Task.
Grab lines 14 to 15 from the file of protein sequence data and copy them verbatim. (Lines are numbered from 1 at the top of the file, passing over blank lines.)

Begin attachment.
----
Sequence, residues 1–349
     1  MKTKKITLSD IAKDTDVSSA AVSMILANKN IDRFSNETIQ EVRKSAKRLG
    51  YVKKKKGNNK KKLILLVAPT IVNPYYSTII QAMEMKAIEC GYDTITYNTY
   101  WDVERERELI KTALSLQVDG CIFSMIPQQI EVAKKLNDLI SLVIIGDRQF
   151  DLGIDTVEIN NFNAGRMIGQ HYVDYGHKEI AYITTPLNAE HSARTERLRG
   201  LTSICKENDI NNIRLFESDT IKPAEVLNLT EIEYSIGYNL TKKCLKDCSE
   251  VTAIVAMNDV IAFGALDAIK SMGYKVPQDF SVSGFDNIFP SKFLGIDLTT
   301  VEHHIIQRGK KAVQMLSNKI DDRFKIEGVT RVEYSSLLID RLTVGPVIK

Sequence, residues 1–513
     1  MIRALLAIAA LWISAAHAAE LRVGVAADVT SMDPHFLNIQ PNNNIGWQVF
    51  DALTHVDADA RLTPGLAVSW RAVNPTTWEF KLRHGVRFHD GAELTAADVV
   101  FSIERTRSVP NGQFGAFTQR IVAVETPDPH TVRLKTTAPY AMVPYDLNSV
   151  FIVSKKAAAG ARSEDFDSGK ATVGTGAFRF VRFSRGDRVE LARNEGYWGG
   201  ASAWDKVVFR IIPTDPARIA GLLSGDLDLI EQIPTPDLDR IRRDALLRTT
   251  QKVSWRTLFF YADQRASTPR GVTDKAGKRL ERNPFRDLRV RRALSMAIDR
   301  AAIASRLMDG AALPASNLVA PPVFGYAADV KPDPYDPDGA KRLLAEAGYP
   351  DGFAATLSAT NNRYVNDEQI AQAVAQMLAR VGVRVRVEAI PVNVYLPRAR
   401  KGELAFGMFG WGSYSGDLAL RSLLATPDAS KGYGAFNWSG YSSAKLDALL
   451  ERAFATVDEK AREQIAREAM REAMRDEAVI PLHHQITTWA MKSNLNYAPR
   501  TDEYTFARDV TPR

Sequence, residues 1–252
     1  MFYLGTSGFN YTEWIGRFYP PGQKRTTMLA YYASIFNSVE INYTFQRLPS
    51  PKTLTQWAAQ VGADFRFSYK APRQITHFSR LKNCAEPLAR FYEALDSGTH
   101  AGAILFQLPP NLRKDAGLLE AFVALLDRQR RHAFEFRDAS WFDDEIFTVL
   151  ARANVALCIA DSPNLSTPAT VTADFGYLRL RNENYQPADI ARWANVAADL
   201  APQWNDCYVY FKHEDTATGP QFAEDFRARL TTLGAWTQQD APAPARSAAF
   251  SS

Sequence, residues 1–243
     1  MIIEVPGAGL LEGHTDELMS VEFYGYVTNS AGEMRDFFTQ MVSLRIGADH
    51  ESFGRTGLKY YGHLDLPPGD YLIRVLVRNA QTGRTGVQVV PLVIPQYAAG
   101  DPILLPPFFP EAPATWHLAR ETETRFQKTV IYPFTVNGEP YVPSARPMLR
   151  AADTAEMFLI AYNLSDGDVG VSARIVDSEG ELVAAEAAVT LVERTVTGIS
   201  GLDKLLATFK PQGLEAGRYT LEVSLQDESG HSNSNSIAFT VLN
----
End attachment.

   201  ASAWDKVVFR IIPTDPARIA GLLSGDLDLI EQIPTPDLDR IRRDALLRTT
   251  QKVSWRTLFF YADQRASTPR GVTDKAGKRL ERNPFRDLRV RRALSMAIDR